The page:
Mining cryptocurrencies such as Bitcoin (BTC) is one of the primary means by which people may acquire cryptocurrencies since miners get incentives for verifying transactions and safeguarding the network.
Frank Holmes, CEO of investment company U.S. Global Investors said that the price barrier below which Bitcoin miners will cease operations is $12,000.
Earlier this year, Holmes predicted that Bitcoin might beat gold due to the engagement of millennials, undermining the precious metal’s role as a store of wealth.
Globally, it’s now assumed that you’ll need about $12,000 to operate a mining rig; thus, everyone and the typical person are shutting down [their mining rigs].
According to CoinMarketCap statistics, the flagship digital asset’s price was $19,139 at press time, a decrease of 0.45% over the previous 24 hours but a gain of 0.65% over the previous week.
The mining hash rate reached a new all-time high (ATH) in early October, despite Bitcoin bulls and bears fighting for momentum as the currency has struggled to achieve the psychological barrier of $20,000.
Nonetheless, if the severe forecasts come true, it might mean doom for crypto miners, particularly in light of the European Union’s proposal of a new rule that intends to develop energy efficiency labels for assets such as Bitcoin in an effort to reduce the sector’s energy use.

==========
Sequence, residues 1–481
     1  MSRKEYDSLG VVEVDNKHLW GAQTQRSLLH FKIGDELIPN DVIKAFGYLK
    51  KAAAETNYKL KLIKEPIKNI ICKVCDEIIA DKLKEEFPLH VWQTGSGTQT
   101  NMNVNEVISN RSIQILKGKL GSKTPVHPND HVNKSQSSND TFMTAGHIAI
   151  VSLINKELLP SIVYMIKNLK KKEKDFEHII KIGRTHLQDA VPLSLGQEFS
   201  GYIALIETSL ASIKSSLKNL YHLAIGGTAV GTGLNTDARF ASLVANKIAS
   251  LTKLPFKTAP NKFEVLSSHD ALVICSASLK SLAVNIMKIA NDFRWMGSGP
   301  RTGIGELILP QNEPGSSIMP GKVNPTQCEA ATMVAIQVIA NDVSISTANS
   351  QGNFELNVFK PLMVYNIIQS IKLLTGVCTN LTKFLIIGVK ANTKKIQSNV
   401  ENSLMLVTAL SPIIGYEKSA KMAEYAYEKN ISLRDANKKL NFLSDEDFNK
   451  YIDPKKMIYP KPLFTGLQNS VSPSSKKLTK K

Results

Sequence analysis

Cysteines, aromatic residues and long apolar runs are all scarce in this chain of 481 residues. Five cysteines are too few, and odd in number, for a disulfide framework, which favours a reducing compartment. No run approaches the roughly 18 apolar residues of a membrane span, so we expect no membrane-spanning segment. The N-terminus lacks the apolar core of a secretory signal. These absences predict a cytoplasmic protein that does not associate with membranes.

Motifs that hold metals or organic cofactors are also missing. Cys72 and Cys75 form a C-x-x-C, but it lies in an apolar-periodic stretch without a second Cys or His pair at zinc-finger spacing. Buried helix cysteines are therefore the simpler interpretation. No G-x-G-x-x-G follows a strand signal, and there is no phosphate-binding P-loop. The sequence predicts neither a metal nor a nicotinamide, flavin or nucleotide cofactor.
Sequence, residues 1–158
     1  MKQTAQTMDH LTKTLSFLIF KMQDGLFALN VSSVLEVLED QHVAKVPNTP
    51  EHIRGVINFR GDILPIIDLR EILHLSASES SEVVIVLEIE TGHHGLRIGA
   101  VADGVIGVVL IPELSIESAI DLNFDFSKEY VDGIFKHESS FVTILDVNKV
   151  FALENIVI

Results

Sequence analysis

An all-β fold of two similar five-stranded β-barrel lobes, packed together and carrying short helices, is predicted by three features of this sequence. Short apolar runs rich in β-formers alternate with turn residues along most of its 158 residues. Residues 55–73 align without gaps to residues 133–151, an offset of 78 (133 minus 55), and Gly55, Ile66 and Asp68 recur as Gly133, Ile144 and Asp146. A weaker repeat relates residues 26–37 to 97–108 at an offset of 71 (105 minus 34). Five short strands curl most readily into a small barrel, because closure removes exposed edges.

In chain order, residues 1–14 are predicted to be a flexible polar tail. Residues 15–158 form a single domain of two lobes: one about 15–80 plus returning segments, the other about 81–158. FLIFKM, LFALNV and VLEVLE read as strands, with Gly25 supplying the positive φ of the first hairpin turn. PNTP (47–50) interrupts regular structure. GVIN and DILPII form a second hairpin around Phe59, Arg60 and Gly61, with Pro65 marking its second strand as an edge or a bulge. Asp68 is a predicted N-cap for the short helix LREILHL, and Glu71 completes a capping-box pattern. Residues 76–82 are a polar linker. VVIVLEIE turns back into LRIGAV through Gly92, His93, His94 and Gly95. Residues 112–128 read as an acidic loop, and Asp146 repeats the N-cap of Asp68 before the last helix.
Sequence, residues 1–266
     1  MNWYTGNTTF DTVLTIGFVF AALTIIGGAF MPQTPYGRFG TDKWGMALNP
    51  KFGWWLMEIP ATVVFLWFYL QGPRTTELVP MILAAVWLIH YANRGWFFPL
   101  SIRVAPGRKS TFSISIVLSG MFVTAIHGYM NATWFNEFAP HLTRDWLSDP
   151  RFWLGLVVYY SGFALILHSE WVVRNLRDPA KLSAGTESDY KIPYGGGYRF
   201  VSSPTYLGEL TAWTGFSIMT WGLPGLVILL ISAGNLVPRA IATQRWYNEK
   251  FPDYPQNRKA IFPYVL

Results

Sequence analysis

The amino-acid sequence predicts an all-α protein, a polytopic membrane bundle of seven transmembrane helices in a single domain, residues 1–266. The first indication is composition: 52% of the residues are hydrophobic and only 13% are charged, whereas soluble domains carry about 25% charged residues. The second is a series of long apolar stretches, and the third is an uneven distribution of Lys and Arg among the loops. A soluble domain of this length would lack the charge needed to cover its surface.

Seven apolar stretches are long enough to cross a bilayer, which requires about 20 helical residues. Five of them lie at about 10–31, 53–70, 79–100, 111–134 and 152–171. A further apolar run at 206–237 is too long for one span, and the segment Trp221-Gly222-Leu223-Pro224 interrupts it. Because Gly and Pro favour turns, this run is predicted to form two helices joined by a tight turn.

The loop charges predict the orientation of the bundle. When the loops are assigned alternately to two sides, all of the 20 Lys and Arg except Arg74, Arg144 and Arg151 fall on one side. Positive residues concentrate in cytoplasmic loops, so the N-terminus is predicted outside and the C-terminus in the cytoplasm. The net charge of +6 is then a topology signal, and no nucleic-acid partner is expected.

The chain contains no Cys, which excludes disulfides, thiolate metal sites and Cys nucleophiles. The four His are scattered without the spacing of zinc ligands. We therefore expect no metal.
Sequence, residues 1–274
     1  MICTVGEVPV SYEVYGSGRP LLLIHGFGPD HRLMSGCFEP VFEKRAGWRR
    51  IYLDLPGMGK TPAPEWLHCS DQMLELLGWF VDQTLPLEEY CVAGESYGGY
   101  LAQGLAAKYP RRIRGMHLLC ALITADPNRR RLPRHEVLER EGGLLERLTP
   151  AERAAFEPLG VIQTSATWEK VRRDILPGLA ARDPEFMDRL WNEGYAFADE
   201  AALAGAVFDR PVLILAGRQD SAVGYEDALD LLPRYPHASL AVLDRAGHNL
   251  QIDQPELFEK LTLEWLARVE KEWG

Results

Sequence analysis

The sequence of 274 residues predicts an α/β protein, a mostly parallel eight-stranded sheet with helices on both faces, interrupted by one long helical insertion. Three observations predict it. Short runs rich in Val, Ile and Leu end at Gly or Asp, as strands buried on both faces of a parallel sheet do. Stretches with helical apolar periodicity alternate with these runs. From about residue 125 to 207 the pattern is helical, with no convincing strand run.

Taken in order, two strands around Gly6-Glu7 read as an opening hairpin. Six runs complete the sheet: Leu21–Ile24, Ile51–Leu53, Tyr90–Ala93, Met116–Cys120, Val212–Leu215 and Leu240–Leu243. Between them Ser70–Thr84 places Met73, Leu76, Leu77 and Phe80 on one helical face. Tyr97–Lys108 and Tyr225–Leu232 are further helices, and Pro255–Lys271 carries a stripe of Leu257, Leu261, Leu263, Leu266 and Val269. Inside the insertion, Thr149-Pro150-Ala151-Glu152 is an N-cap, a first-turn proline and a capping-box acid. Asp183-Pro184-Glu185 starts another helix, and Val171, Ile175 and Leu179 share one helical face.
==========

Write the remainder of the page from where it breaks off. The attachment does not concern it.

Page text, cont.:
Finbold said that a quarterly analysis indicated that Bitcoin mining only uses 0.16 percent of worldwide energy output and amounts to 0.1 percent of global CO2 emissions, despite critics concentrating on its negative environmental effect.
Disclaimer: The information provided in this article is for informational purposes only and should not be construed as financial or investment advice. Cryptocurrency investments are subject to market risks, and individuals should seek professional advice before making any investment decisions.